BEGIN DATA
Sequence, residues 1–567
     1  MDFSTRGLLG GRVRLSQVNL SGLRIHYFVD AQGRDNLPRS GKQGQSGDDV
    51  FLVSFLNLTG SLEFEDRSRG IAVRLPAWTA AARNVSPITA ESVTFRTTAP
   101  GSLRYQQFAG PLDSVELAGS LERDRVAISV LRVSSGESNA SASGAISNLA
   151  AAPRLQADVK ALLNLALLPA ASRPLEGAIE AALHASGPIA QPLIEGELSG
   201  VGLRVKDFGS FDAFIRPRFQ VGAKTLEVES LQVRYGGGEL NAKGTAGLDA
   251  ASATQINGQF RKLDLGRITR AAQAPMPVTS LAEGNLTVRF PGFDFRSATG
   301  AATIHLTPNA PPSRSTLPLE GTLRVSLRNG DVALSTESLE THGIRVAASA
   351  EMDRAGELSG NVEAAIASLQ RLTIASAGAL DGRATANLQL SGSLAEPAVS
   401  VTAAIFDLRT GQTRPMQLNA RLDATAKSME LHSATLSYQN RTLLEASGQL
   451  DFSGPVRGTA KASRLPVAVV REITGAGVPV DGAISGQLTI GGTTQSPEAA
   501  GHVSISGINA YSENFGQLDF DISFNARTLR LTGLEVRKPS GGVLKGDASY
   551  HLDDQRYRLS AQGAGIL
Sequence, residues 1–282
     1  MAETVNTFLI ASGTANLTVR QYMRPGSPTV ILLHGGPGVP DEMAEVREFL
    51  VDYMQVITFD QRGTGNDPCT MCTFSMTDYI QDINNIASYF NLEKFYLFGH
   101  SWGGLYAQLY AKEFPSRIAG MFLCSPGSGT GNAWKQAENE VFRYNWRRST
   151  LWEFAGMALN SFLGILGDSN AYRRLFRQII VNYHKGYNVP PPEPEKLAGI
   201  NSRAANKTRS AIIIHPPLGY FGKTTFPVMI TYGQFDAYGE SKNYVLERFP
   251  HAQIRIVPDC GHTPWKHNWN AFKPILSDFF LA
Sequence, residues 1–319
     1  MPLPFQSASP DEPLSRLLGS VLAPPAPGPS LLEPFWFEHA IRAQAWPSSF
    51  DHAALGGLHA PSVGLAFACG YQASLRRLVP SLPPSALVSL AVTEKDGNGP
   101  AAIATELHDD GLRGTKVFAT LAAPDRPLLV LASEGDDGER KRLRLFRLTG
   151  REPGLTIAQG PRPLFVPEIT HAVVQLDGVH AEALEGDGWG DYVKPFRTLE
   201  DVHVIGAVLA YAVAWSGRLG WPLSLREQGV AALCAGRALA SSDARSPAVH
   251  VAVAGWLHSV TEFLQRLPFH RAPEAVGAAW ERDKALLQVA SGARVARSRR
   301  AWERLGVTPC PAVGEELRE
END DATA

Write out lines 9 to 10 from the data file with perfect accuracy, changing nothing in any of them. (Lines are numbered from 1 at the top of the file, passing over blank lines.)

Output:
   351  EMDRAGELSG NVEAAIASLQ RLTIASAGAL DGRATANLQL SGSLAEPAVS
   401  VTAAIFDLRT GQTRPMQLNA RLDATAKSME LHSATLSYQN RTLLEASGQL